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  • Their religion valued simplicity, hard work, equality among people, and peaceful resolution of conflict.
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  • Hoover and his brother and sister were influenced by these beliefs, even after their parents died.
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  • By the time young Herbert Hoover was nine, he was an orphan.
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  • He moved to the state of Oregon, in the Pacific Northwest, and lived with an uncle.
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  • Hoover did not thrive in that situation.
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  • Reports say that he usually kept to himself.
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  • And he did not do particularly well in school.
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  • Yet one official from Stanford University liked what he saw in the young man – hard work and a desire to learn new things.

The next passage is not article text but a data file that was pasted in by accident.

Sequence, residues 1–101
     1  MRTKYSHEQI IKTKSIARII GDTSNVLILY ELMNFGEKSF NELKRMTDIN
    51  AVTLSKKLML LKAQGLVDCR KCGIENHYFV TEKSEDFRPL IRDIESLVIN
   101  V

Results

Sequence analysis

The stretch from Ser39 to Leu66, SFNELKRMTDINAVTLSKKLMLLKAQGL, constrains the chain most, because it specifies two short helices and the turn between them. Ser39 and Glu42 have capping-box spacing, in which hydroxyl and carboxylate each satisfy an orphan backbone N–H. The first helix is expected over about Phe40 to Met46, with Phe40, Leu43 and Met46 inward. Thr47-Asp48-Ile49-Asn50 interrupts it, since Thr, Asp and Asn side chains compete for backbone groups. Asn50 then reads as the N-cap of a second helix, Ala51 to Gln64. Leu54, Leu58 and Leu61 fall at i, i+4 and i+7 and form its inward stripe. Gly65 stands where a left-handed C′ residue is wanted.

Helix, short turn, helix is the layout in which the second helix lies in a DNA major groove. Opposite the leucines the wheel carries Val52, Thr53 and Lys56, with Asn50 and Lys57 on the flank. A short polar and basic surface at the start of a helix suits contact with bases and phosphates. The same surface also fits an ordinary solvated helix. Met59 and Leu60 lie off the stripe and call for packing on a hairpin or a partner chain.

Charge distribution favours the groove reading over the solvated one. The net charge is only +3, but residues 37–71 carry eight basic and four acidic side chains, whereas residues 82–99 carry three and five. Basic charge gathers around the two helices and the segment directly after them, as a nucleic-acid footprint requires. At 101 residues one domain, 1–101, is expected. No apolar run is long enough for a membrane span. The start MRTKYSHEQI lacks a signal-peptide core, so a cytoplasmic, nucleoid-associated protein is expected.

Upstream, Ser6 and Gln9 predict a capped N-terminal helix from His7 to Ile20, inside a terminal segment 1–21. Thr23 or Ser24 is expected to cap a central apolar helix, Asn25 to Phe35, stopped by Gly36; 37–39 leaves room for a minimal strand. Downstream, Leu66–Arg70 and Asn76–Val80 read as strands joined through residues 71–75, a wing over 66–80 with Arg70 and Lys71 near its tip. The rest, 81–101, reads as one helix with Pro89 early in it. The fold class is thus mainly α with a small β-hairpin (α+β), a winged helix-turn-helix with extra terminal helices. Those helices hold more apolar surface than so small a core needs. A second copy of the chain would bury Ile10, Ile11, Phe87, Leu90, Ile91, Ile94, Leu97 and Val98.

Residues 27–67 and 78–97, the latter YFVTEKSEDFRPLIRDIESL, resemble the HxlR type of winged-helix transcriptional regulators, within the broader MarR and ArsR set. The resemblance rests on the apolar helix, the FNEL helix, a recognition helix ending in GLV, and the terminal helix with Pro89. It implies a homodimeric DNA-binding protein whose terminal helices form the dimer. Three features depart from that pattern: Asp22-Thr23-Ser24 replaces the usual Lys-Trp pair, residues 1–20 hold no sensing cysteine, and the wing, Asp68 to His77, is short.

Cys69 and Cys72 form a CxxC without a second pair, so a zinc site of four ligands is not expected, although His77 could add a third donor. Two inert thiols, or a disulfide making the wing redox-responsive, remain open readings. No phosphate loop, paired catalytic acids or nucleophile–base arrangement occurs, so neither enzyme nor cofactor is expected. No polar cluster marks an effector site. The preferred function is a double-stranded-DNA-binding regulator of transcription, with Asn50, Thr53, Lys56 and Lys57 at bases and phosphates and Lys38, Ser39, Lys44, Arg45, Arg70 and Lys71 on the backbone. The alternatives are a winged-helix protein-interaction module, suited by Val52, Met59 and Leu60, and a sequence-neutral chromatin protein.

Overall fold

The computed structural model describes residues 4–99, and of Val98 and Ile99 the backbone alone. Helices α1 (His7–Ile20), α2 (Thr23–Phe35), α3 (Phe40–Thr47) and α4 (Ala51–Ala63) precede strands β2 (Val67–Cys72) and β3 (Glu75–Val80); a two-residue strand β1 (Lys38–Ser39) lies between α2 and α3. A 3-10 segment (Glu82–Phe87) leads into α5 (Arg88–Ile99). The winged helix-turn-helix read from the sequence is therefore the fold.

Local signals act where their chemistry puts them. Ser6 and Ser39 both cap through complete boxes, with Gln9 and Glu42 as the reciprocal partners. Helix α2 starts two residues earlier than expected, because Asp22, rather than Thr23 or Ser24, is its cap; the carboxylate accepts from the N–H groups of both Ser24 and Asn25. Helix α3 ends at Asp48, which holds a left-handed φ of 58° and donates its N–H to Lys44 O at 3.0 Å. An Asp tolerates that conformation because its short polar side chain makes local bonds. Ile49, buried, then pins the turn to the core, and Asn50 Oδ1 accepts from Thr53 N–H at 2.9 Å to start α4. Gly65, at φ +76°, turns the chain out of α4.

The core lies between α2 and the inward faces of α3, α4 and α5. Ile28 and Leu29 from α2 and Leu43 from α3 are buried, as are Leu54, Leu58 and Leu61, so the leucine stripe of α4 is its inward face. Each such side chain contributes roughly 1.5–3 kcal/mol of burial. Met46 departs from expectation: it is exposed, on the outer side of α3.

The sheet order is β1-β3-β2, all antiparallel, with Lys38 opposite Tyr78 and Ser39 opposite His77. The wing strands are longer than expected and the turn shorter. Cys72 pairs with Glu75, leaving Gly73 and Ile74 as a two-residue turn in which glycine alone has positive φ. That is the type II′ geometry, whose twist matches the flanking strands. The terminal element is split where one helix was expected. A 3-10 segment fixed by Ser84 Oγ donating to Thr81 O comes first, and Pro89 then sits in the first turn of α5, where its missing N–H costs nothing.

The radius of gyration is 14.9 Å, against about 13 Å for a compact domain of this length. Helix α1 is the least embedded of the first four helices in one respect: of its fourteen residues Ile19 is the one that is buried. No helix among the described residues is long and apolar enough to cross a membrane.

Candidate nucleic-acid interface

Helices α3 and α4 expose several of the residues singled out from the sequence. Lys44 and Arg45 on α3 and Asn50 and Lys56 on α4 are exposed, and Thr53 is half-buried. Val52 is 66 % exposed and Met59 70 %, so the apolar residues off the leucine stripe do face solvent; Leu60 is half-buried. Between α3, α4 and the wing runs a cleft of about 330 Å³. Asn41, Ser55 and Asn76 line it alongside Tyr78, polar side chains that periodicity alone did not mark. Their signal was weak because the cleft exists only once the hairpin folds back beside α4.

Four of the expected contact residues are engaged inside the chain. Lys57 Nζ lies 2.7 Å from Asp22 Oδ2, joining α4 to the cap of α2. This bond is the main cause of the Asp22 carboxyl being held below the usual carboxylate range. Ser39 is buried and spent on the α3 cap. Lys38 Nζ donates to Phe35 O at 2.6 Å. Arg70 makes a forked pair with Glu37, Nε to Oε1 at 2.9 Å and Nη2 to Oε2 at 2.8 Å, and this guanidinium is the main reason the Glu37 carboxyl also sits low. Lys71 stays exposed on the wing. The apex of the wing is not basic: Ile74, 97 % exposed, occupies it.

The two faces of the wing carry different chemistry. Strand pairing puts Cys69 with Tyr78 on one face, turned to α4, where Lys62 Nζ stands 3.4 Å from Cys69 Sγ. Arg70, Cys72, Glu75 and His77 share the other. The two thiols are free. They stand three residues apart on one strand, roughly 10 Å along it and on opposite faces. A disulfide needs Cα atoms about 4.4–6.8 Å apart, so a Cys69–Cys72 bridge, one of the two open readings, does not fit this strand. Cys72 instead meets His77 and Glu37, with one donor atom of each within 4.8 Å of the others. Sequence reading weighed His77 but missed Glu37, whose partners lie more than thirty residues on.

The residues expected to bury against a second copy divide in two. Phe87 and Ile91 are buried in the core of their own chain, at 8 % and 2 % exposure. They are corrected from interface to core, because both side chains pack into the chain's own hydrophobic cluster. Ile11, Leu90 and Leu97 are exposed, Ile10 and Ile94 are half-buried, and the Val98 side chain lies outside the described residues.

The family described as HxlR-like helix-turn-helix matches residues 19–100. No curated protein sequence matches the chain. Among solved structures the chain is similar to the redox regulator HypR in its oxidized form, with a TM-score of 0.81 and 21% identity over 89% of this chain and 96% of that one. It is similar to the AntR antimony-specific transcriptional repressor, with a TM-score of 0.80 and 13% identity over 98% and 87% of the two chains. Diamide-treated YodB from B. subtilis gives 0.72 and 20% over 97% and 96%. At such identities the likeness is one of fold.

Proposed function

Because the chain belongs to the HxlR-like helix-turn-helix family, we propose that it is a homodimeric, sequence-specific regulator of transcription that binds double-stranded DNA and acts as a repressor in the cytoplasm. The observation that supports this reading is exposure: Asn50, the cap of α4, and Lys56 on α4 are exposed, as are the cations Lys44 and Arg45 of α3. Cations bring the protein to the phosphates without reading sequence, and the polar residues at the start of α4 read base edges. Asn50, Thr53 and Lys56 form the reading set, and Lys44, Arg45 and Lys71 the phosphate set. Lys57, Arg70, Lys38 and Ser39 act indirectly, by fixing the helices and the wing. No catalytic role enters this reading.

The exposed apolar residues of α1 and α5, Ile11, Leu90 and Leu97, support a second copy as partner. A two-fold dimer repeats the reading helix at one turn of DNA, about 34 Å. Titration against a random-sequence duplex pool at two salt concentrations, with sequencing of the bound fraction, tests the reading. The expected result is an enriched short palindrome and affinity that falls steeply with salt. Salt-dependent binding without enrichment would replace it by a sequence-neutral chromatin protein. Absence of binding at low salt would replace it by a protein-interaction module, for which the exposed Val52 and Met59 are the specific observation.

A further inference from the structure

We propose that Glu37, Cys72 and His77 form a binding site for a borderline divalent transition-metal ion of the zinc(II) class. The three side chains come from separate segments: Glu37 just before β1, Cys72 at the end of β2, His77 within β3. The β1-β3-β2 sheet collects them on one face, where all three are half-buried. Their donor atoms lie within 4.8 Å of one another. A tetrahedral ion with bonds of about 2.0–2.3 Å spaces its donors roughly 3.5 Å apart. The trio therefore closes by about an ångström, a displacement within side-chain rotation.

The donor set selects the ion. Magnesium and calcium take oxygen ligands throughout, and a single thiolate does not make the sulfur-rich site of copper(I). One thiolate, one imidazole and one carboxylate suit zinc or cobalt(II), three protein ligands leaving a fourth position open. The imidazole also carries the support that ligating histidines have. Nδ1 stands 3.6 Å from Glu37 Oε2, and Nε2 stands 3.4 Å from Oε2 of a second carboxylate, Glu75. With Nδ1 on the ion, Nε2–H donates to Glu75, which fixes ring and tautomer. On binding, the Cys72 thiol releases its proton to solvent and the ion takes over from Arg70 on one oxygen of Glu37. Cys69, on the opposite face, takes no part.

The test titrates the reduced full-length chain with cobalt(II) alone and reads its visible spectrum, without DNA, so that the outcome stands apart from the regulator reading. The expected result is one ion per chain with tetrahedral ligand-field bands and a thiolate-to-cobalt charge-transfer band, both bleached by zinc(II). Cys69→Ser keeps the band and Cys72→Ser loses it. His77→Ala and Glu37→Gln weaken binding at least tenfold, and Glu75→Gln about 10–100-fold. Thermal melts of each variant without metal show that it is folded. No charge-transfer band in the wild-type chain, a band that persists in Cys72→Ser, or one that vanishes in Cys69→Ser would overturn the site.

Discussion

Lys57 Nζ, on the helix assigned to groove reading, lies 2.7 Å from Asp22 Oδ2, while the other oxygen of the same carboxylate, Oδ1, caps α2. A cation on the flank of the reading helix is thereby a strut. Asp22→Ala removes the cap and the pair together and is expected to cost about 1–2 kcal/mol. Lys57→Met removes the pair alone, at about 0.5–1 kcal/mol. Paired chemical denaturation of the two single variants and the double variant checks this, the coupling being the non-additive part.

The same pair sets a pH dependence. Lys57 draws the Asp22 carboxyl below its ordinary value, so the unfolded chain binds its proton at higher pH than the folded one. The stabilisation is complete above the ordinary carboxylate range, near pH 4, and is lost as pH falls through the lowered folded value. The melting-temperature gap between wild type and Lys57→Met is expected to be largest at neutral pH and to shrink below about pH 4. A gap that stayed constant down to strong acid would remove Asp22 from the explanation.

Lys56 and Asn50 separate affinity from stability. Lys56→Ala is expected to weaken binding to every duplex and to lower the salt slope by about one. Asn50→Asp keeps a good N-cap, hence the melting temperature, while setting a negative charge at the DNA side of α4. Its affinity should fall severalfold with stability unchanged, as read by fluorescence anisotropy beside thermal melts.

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  • At the time, Stanford University was just getting established.
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  • It admitted Hoover into its first class.
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  • Hoover had to work hard at Stanford, both in class and to earn money to pay tuition.
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  • But the experience brought many benefits.
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  • Hoover studied geology, and went on to work as a mining engineer.